The current study also reinforces that there may be no safe level of exposure to tobacco smoke, whether active or passive. Passive smoking or environmental tobacco smoke consists of the direct inhalation of tobacco smoke (secondhand smoke) as well as exposure to tobacco residue left behind after smoking (third-hand smoke). Although active smoking and secondhand smoking have been well recognized to increase the risk of exacerbations, there is increasing evidence that third-hand smoking is also associated with increased lower respiratory symptoms.13 The dose–response relationship between smokers in the home and asthma observed in this study emphasize that some smoke exposure is bad, but more smoke exposure is worse.

Smoking not only impacts lung health through direct effects on lung function and airway remodeling, but it is also linked to an increase in the risk of respiratory tract infections. Smoke exposure has been found to increase susceptibility to pathogens by impairing macrophage function, decrease microbial clearance, and cause exaggerated pro-inflammatory responses to infection.14 Thus, smoking poses a real threat to both impairment (daily symptoms) as well as risk (exacerbations) domains.

However, despite the high prevalence of smoking among adolescents with asthma and the major risks to acute and long-term health, healthcare providers frequently fall short of inquiring and counseling about smoking. Healthcare providers are generally taught to confidentially screen and counsel adolescents on risky behavior, including smoking. The good news is that adolescents with asthma are more likely to be screened and advised not to smoke by a health professional than those who do not have asthma.13,15 Unfortunately, specialists – who are specifically trained to treat uncontrolled asthma – are less likely to counsel adolescents on smoking than primary care practitioners.16 This is an area specialists need to improve. Asking parents to step out of the room for a confidential encounter is not standard practice in many subspecialty clinics, however, is important not only to elicit a smoking history but also to help adolescents with the transition of care from childhood through adolescence into adulthood. Moreover, addressing smoking in the context of asthma symptoms and exacerbations may give patients additional incentives to quit.

To enhance screening, healthcare providers might consider discussing with the families about assessing tobacco smoke exposure. Cotinine is a stable metabolite of nicotine and has been widely used as a diagnostic test for tobacco use and compliance with smoking cessation. In asthma, cotinine levels have been shown to correlate with passive smoke exposure.17 Serum and salivary cotinine levels were found to be more reliable than reported tobacco exposure for hospital readmission.18 Cotinine levels have not been specifically used to evaluate adolescent smoking behaviors, but it may have a role in identifying environmental exposures in those with poorly controlled asthma.

Additionally, there is a lack of studies about interventions to prevent and stop smoking in adolescents with asthma. Adolescents are less likely to be driven by addiction to nicotine than adults, although they are particularly vulnerable; nicotine dependence can develop after less than 100 cigarettes.11 A helpful screening test can be to ask how long a teen can wait after waking up to have their first cigarette – less than an hour indicates nicotine dependence.19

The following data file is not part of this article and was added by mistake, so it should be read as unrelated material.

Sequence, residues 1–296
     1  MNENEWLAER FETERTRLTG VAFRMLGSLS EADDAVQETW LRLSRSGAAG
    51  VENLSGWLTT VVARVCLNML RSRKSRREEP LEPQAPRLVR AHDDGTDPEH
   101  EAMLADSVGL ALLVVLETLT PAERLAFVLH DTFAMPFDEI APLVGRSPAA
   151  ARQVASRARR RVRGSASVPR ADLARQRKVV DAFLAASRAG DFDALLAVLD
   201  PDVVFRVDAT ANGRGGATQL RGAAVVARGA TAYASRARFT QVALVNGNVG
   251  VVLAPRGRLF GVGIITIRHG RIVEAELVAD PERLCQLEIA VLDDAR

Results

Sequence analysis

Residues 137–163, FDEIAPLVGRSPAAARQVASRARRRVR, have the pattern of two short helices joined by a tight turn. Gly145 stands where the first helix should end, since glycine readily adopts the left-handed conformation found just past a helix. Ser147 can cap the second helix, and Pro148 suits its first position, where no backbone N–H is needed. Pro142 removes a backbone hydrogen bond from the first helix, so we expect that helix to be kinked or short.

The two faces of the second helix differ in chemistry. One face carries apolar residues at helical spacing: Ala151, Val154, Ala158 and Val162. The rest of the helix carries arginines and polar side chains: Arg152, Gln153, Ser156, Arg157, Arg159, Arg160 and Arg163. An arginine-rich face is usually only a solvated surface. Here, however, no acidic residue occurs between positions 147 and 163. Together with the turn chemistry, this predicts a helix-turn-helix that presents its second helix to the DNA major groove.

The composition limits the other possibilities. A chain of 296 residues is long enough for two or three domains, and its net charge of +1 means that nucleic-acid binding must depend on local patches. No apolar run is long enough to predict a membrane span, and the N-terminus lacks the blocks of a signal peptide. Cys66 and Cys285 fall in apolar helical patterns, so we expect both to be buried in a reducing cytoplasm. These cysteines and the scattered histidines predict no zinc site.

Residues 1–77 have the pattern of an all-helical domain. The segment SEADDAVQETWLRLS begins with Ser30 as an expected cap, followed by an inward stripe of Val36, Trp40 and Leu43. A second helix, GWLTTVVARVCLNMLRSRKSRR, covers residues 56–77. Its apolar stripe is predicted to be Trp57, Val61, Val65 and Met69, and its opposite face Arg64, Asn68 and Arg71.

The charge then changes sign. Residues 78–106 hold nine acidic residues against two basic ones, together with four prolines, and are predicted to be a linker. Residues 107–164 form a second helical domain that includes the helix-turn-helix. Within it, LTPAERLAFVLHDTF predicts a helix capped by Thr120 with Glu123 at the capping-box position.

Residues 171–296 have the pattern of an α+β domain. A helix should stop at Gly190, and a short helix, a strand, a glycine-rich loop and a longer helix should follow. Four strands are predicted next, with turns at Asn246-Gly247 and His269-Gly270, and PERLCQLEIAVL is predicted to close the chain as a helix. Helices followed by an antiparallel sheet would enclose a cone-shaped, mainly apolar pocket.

Evidence in adolescents has supported the use of similar approaches to those used in adults. Physician advice increases quit rates and has been associated with healthier attitudes about smoking in adolescents.20 Pharmacotherapy for smoking cessation has not been well studied in adolescents with asthma, and is only generally recommended for selected individuals. Policy-based measures such as comprehensive smoke-free legislation have been extremely effective in communities, reducing the rate of asthma admissions.21 Further development of evidence-based interventions is needed, but all adolescents with asthma need to hear from their healthcare providers that smoking will worsen their condition and that there is a risk of permanent lung damage. Furthermore, healthcare providers can help these patients to quit smoking.

Smoke exposure continues to be a significant modifiable risk factor in adolescents with asthma. Screening and counseling rates for smoking cessation are inadequate and should be conducted by all healthcare providers who manage adolescents with asthma. More work needs to be done on the prevention and treatment of smoking in adolescents with asthma, who are at increased risk for use, nicotine dependence, and poor asthma control. Even brief interventions have been beneficial; nonetheless, further studies in behavioral counseling, biomarkers, mechanisms of disease, and policy measures will guide additional strategies.

Funding

Dr. Monica Tang has received funding from the NIH T32 grant (T32 AI007062).

Conflicts of interest

The authors declare no conflicts of interest.

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Please cite this article as: Lang JE, Tang M. Smoking: it's still a big problem in children with asthma. J Pediatr (Rio J). 2019;95;506–8.

See paper by de Jordão et al. in pages 538–44.

Copyright © 2018. Sociedade Brasileira de Pediatria